Uduak-Joe Ntuk, the former head of the state’s oil and gas regulatory agency, alleges he was pressured to illegally stop issuing new well drilling permits and then was fired when he complained, according to a lawsuit filed this week.
Ntuk, who is an elected Long Beach Community College District trustee, left his governor-appointed job at the California Geologic Energy Management Division (or CalGEM) in January. He said publicly at the time that he had resigned to focus on his family’s needs.
The whistleblower lawsuit, filed Monday in Los Angeles County Superior Court, claims Gov. Gavin Newsom’s administration fired him in retaliation for a complaint made in early January.
At the heart of the controversy is a state law—currently in limbo ahead of a November 2024 voter referendum—that says no new wells could be drilled within 3,200 feet of homes, schools and other “sensitive” locations; existing wells that are too close to the specified locations would have to follow new monitoring rules and might not be granted permits for future maintenance.
The law, authored by Sen. Lena Gonzalez, D-Long Beach, went into effect Jan. 1, but state officials put its enforcement on hold about a month later, when it became clear that opponents had passed the threshold to get a referendum measure on the November 2024 ballot.
The lawsuit asserts that Ntuk (who was appointed to lead CalGEM in October 2019) was pressured by the governor’s office to begin implementing the well buffer zone law and to “arbitrarily halt all oil well drilling permits statewide”—orders he believed he couldn’t legally obey.
Newsom’s press office directed a request for comment to the state Department of Conservation, which oversees CalGEM. Conservation department spokesperson Jacob Roper said in an email that the department is reviewing Ntuk’s complaint, and that it doesn’t comment on personnel issues.
Attorney Jamon Hicks, who is representing Ntuk, said Tuesday that while more information will come out as the case proceeds, it doesn’t matter whether Ntuk actually had discretion as head of CalGEM to deny permits; the issue is whether he thought he was being asked to break the law.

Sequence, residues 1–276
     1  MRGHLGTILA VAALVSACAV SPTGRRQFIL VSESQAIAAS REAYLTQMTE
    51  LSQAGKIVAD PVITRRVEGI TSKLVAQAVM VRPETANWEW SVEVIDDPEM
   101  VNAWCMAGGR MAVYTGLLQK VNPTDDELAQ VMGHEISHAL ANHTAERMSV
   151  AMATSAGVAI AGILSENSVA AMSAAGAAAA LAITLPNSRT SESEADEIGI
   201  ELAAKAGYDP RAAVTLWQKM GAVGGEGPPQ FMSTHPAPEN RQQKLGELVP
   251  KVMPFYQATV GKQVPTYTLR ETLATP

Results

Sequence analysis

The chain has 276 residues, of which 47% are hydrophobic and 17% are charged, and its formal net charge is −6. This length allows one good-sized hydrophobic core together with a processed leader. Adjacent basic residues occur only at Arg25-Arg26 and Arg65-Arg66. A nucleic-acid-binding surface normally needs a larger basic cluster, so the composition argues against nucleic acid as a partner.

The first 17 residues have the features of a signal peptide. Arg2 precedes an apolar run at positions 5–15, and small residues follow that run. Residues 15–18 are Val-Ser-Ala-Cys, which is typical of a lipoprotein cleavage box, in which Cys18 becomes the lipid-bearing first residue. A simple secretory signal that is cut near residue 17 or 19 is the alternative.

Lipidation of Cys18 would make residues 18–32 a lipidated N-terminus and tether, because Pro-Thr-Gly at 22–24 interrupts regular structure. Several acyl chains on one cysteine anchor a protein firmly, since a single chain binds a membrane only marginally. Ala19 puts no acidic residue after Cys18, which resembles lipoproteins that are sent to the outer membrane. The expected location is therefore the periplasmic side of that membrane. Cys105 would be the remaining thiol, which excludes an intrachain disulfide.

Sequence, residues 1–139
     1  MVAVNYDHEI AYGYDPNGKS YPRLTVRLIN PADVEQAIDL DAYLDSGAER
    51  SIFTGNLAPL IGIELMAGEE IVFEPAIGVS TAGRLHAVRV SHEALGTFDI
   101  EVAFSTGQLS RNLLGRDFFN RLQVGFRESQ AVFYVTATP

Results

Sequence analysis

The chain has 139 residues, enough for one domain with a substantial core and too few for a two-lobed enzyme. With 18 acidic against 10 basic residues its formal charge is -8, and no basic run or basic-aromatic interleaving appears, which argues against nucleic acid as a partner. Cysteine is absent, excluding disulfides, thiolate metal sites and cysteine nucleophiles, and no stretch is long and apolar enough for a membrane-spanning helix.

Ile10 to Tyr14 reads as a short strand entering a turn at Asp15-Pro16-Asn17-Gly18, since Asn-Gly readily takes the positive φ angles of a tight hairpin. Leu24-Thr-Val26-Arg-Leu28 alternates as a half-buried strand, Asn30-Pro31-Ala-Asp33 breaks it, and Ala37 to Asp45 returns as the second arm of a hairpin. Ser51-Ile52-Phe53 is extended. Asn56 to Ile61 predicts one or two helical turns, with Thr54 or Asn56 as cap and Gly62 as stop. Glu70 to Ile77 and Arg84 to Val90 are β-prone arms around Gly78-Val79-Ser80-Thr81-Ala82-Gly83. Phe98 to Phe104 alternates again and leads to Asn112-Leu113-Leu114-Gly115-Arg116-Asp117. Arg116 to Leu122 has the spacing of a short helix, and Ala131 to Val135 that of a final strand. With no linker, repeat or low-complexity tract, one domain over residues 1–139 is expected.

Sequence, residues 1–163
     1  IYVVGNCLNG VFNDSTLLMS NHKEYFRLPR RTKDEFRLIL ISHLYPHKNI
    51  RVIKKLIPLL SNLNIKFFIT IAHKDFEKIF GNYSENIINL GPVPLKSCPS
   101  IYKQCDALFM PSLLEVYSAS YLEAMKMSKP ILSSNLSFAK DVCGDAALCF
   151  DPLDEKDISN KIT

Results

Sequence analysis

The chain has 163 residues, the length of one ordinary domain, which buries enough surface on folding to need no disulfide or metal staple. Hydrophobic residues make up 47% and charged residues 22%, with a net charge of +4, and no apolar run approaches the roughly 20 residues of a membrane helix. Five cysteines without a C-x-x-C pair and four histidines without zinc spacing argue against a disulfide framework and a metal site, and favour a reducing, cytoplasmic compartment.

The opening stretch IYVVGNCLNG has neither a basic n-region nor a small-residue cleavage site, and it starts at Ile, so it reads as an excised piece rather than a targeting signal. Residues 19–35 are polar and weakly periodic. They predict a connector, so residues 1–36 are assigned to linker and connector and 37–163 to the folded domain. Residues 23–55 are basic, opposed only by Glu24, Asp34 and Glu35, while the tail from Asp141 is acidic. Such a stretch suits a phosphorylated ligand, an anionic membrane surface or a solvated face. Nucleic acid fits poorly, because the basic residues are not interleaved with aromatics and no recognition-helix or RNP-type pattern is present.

“What matters is what he reasonably believed,” Hicks said. “If he has a reasonable belief and he complains about that, he is protected as a whistleblower.”
Ntuk filed a complaint with the state on Jan. 4, according to the lawsuit; he was terminated Jan. 13.
Roper’s email said the department has no record that Ntuk filed a whistleblower complaint.
As to why Ntuk said publicly that he was resigning, Hicks said, “there was a concern of being blacklisted if he did not abide by what he was instructed to do.”
In the months before Ntuk’s departure from CalGEM, environmental groups were reportedly raising concerns to the Newsom administration about a spike in well permits ahead of the buffer zone law taking effect, according to the Bakersfield Californian.
Hollin Kretzmann, an attorney with the Center for Biological Diversity, said Tuesday that conservationists have been tracking drilling activity, and while the number of new well permits has declined, the state has increased permits to re-drill or reconfigure old wells, and many of them are close to homes and schools.
(The center in May filed a lawsuit alleging the state didn’t adequately analyze the environmental effects of approving permits for 21 wells, 15 of which are in Long Beach.)
Kretzmann said he was surprised that Ntuk’s court filing suggests he didn’t have discretion to deny drilling permits, since he argued the opposite in a different legal case last year.
“California law puts public health first and there’s no requirement that the regulator hand out permits,” Kretzmann said. “It’s just a bizarre basis for this complaint.”
Regardless of how Ntuk’s lawsuit turns out, Long Beach has a lot riding on the outcome of the 2024 referendum.
If voters uphold the well buffer zone law, it could affect about half the wells in Long Beach and cost the city an estimated $20 million a year in oil and gas revenue, Long Beach officials have said.
The city has pledged to phase out oil operations by 2035, but that timeline would likely speed up if the law is implemented.